United States District Court, D. Delaware
PATTERSON A. GREEN, Plaintiff,
JANSSEN PHARMACEUTICALS, INC., Defendant.
E. Farnan, Christine D. Haynes (argued), Sara M. Metzler
(argued), and Tyler E. Cragg (argued), RICHARDS, LAYTON &
FINGER, PA., Wilmington, DE. Attorneys for Plaintiff.
Michael P. Kelly (argued), Daniel J. Brown, and Hayley J.
Reese, McCARTER & ENGLISH, LLP, Wilmington, DE; Heather
C. Giordanella and Andrew P. Reeve, DRINKER BIDDLE &
REATH LLP, Philadelphia, PA. Attorneys for Defendant.
ANDREWS, U.S. DISTRICT JUDGE.
before me are Defendant's Motion for Summary Judgment
(D.I. 169), Defendant's Motion to Preclude Expert
Testimony of Brendan Carroll, M.D. (D.I. 172), and
Defendant's Motion to Exclude Certain Opinion Testimony
of Dr. Mahyar Etminan (D.I. 175). The Parties have fully
briefed the issues. (D.I. 170, 173, 176, 191, 192, 193, 201,
203, 205). I heard oral argument on March 7, 2019. For the
reasons set out below, I will grant Defendant's Motion
for Summary Judgment and I will dismiss Defendant's
Daubert motions as moot.
has struggled with severe mental illness throughout his life.
(D.I. 192 at 6). He has been diagnosed with bipolar disorder,
impulse control disorder, ADHD, post-traumatic stress
disorder, and schizophrenia. (Id.). Doctors have
prescribed him many medications, including Risperdal,
treat these conditions. (Id.). Plaintiff was first
prescribed Risperdal in March 2002 when he was seven years
old. (Id.). He remained on the drug until 2007.
(Id. at 6-7). Plaintiff also took an injectable form
of Risperdal between November 2008 and December 2010. (D.I.
170 at 4). Plaintiffs Risperdal prescriptions came from at
least ten different health care providers. (Id.). On
April 3, 2008, Plaintiff was diagnosed with benign
gynecomastia. (D.I. 192 at 7).
is FDA-approved for treatment of schizophrenia and bipolar
disorder. (D.I. 170 at 5). Defendant is the manufacturer of
brand name Risperdal. (D.I. 192 at 1). Risperidone is the
generic name for Risperdal. (D.I. 170 at 2).
is a potential side effect of Risperdal. (D.I. 192 at 3-4).
Increased levels of prolactin may also be a side effect and
is allegedly connected to an increased risk of gynecomastia.
(D.I. 176 at 8). Gynecomastia is the enlargement of the male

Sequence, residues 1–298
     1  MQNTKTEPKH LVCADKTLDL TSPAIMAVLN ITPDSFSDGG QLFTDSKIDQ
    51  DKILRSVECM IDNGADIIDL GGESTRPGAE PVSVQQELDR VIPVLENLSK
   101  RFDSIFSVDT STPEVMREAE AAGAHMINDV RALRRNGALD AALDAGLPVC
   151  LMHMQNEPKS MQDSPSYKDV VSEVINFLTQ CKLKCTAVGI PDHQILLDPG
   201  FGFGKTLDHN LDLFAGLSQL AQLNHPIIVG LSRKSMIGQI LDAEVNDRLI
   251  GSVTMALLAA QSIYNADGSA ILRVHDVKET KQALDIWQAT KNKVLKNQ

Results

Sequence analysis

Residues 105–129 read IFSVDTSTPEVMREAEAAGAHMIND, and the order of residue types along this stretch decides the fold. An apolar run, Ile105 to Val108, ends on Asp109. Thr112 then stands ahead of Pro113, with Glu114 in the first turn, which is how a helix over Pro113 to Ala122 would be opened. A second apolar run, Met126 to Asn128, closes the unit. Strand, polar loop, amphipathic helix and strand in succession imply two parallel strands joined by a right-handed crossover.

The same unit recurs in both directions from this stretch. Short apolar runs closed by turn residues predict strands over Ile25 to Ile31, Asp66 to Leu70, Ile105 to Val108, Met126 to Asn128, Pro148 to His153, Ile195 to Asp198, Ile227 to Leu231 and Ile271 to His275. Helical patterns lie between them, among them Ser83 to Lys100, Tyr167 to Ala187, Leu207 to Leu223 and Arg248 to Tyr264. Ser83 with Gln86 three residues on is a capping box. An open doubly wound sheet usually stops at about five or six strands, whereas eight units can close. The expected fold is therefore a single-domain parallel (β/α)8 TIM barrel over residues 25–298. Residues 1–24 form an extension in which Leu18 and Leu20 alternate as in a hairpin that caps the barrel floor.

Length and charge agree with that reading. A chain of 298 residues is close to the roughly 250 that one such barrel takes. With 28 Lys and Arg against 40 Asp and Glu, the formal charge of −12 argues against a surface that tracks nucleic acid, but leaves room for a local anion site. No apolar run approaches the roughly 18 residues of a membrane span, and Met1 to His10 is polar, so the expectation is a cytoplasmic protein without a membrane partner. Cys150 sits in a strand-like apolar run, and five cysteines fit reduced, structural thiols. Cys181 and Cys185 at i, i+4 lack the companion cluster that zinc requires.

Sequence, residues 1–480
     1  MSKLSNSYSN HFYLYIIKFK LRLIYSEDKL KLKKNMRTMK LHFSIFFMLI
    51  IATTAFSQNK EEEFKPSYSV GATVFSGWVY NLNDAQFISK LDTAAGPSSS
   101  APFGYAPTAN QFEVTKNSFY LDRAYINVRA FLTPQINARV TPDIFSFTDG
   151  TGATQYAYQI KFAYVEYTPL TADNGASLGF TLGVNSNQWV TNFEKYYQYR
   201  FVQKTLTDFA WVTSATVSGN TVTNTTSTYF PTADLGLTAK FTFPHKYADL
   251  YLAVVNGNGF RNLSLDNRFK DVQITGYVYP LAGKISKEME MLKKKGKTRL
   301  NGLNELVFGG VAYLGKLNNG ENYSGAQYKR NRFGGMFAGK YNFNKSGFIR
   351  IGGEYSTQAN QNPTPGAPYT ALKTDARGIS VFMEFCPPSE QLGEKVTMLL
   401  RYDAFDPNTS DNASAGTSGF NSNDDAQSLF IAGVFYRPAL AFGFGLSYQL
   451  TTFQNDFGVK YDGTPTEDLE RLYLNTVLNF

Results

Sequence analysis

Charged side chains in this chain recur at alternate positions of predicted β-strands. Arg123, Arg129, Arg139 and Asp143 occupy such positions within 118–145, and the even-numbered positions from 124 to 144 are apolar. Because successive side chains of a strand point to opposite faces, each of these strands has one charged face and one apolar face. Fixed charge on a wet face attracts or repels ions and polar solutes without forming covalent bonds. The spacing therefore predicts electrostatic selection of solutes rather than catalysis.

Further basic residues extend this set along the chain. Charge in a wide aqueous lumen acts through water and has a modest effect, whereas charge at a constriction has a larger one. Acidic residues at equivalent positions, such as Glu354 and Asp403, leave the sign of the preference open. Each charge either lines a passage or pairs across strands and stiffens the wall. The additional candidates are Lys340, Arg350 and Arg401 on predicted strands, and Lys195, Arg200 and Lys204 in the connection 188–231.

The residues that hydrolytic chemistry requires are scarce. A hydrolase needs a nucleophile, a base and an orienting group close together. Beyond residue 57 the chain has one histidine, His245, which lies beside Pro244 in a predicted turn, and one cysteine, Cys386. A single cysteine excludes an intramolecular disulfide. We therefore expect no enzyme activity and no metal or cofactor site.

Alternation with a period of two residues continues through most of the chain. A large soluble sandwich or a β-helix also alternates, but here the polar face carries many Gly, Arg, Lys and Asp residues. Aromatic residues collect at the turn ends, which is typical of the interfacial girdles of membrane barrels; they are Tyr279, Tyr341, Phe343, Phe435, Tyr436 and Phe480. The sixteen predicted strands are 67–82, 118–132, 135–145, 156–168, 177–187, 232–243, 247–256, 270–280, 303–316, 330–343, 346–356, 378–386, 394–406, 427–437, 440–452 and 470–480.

breast gland due to a hormonal imbalance. Prolactin is a
hormone which enhances breast development and initiates
lactation in the human (typically female) body.
filed this lawsuit on May 19, 2015. (D.I. 3). He pled seven
claims against Defendant based on its marketing and sale of
Risperdal: negligence (Count I), negligent misrepresentation
(Count II), breach of warranty (Count III), breach of the
implied warranty of merchantability (Count IV), breach of the
implied warranty of fitness for a particular purpose (Count
V), breach of express warranty (Count VI), and fraud by
concealment (Count VII). (D.I. 47 at 3-7). He alleges that
because of Defendant's conduct, he experienced
gynecomastia, weight gain, and suicidal thoughts and actions.
(D.I. 170 at 5).
filed the present motions on October 12, 2018. It sought
summary judgment on each count of the first amended complaint
("FAC"). (D.I. 47). In response to Defendant's
summary judgment motion, Plaintiff voluntarily withdrew
Counts III-VI. (D.I. 192 at 1 n.l). Plaintiff confirmed at
oral argument that Count VII is also withdrawn. Thus, the
only remaining Counts are negligence and negligent
court shall grant summary judgment if the movant shows that
there is no genuine dispute as to any material fact and the
movant is entitled to judgment as a matter of law."
Fed.R.Civ.P. 56(a). The moving party has the initial burden
of proving the absence of a genuinely disputed material fact
relative to the claims in question. Celotex Corp. v.
Catrett, 411 U.S. 317, 330 (1986). Material facts are
those "that could affect the outcome" of the
proceeding, and "a dispute about a material fact is
'genuine' if the evidence is sufficient to permit a
reasonable jury to return a verdict for the nonmoving
party." Lamont v. New Jersey, 637 F.3d 177, 181
(3d Cir. 2011) (quoting Anderson v. Liberty Lobby, Inc.,
411 U.S. 242, 248 (1986)). The burden on the moving
party may be discharged by pointing out to the district court
that there is an absence of evidence supporting the
non-moving party's case. Celotex, 477 U.S. at
burden then shifts to the non-movant to demonstrate the
existence of a genuine issue for trial. Matsushita Elec.
Indus. Co. v. Zenith Radio Corp., 475 U.S. 574, 586-87
(1986); Williams v. Borough of West Chester, Pa.,
891 F.2d 458, 460-61 (3d Cir. 1989). A non-moving party
asserting that a fact is genuinely disputed must support such
an assertion by: "(A) citing to particular parts of
materials in the record, including depositions, documents,
electronically stored information, affidavits or
declarations, stipulations ..., admissions, interrogatory
answers, or other materials; or (B) showing that the
materials cited [by the opposing party] do not establish the
absence ... of a genuine dispute . . .." Fed.R.Civ.P.
determining whether a genuine issue of material fact exists,
the court must view the evidence in the light most favorable
to the non-moving party and draw all reasonable inferences in
that party's favor. Scott v. Harris, 550 U.S.
372, 380 (2007); Wishkin v. Potter,476 F.3d 180,
184 (3d Cir. 2007). A dispute is "genuine" only if
the evidence is such that a reasonable jury could return a
verdict for the non-moving party. Anderson, 477 U.S.
at 247-49., If the non-moving party fails to make a
sufficient showing on an essential element of its case with